Photo Credit: Wikimedia<p>The study used 919 American (mostly white) women ages 18-70 who rated 30 pictures of men they were shown with various stages of facial hair growth. The photographs depicted men with faces that had been digitally altered to look more feminine or more masculine, with a beard and without a beard. The women rated the men according to perceived attractiveness for long-term and short-term relationships. The study found that the more facial hair the men had, the higher the men were rated on their attractiveness, particularly for their suitability for a long-term relationship.</p><p>Part of this might be attributed to facial masculinity — i.e. protruding brow ridge, wide cheekbones, thick jawline, and deeply set narrow eyes — which conveys information to a woman about a man's underlying health and formidability. Women tend to associate more masculine faces with physical strength and social assertiveness. It can also indicate a man with a superior immune response. The researchers suggested that their findings favoring bearded men could be due to the fact that facial hair enhances the masculine facial features on a man's face, like creating the illusion of a thicker jaw line. This could communicate direct benefits to women like resources and protection that would enhance survival among mothers and their infants. In other words, while a beard doesn't mean superior genetics in and of itself, it might be a primitive, ornamental way of saying, "Hey girl, I'm a testosterone-fueled lean, mean, pathogen fighting machine." <br></p><p>It could also be that a beard becomes its own destiny. The researchers in this study cite prior research that found that by growing a beard, men felt more masculine and had higher levels of serum testosterone, which was linked to a higher level of social dominance. They also tended to subscribe to more old-school beliefs about gender roles in their relationships with women as compared to men with clean-shaven faces.<span></span><br></p>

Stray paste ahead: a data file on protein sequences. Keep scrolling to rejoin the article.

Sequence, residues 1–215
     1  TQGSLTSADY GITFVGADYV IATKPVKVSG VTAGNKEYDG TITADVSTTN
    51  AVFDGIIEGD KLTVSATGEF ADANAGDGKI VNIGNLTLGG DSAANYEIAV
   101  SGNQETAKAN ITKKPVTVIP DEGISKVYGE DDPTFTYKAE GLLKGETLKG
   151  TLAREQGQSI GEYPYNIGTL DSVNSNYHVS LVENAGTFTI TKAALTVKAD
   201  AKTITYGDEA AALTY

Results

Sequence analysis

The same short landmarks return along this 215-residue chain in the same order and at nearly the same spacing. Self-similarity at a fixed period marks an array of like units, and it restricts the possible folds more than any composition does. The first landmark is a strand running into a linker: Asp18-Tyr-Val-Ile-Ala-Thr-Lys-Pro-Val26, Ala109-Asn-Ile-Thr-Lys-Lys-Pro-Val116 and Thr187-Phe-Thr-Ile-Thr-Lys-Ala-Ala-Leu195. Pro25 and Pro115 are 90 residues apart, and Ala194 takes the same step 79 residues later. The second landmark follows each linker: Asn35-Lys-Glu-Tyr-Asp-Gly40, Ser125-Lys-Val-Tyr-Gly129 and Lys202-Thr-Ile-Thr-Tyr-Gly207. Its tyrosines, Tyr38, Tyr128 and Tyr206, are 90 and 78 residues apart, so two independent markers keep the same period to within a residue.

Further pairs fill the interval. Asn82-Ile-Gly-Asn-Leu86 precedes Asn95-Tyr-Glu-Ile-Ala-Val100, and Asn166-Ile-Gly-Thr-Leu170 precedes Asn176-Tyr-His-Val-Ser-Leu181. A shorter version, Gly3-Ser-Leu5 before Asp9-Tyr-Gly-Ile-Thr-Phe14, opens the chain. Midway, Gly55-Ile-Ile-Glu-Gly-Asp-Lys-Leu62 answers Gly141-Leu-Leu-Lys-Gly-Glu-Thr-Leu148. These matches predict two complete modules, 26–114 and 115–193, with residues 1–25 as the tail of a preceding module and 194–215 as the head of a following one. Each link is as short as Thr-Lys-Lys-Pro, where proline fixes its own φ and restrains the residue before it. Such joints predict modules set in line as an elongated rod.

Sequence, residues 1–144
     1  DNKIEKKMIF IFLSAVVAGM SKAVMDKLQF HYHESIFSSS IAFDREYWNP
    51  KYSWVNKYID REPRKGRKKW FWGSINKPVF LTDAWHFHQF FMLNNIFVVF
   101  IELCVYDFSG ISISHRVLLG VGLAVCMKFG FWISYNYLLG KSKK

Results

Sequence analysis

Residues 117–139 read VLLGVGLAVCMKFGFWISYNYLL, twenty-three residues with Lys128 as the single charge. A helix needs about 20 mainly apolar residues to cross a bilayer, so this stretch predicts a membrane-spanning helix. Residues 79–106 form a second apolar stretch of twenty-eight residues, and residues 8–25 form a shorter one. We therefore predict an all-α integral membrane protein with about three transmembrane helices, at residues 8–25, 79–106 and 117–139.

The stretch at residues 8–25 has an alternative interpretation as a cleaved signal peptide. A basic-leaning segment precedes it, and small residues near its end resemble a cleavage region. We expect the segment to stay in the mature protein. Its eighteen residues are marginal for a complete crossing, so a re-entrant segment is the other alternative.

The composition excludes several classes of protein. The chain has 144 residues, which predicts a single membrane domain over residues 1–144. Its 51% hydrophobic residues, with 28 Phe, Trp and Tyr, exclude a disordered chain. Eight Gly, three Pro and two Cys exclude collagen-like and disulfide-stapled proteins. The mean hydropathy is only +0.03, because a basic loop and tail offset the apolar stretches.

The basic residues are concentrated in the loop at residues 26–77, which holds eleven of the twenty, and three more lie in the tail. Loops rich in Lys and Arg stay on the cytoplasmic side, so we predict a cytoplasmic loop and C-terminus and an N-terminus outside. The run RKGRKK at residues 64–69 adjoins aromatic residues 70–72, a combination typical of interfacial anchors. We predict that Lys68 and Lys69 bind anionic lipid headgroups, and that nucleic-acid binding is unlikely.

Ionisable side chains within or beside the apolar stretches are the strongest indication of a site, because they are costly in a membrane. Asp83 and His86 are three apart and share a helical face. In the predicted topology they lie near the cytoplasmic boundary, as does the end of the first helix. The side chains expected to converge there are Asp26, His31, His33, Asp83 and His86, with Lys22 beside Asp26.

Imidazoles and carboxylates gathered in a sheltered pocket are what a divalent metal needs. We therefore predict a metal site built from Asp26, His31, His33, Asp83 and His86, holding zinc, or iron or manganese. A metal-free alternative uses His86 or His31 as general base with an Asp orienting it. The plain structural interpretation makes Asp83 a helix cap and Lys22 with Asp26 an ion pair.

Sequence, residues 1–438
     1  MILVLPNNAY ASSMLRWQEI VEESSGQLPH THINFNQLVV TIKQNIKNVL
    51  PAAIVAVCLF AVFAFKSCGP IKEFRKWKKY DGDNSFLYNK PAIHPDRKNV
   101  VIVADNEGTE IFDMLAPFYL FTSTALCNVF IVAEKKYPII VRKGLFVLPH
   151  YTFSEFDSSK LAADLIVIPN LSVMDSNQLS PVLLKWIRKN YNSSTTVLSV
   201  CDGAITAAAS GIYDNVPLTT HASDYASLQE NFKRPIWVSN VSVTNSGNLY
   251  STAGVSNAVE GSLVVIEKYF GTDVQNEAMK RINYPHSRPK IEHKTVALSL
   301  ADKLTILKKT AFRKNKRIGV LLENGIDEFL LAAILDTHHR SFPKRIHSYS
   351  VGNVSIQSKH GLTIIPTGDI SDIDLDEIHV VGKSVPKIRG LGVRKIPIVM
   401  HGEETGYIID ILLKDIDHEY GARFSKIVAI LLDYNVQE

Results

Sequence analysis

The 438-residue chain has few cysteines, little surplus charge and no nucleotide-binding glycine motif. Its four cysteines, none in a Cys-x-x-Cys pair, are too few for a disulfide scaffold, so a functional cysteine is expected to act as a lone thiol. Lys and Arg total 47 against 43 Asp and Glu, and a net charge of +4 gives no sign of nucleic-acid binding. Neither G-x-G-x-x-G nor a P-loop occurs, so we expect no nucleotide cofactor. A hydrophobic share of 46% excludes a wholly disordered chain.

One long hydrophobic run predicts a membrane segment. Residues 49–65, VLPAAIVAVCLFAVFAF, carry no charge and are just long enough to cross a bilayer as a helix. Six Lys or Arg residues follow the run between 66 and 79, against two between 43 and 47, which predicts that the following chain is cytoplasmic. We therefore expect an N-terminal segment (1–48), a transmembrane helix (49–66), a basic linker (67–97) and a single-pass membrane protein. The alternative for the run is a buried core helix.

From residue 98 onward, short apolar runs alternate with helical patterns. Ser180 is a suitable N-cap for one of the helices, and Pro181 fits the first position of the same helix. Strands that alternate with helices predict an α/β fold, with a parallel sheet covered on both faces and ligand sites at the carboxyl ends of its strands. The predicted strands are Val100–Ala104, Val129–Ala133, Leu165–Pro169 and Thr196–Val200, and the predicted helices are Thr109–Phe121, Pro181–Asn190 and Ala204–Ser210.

What does disgust have to do with beard preference?<p>Obviously, not all women dig beards. The researchers were particularly interested in what traits make a women prefer bearded men over clean-shaven faces. They looked into several factors including a woman's disgust levels on various concepts, her desire to become pregnant, and her exposure to facial hair in her personal life. </p><p>According to the study, women who were not into facial hair were turned-off by potential parasites or other critters they imagined could be in the hair or skin. Women ranking high on this "ectoparasite disgust" scale might have viewed beards as a sign of poor grooming habits. However, women who ranked higher in levels of "pathogen" did find the bearded men to be desirable, possibly because they perceived beards as a signal of good health and immune function. An intriguing discovery in the study was links to morality. Women who displayed higher levels of "moral disgust," or feelings of repugnance toward taboo behaviors, were more likely to prefer hairy faces. The authors opined that this could reflect a link between beardedness, politically conservative outlooks, and traditional views regarding performances of masculinity in heterosexual relationships.</p>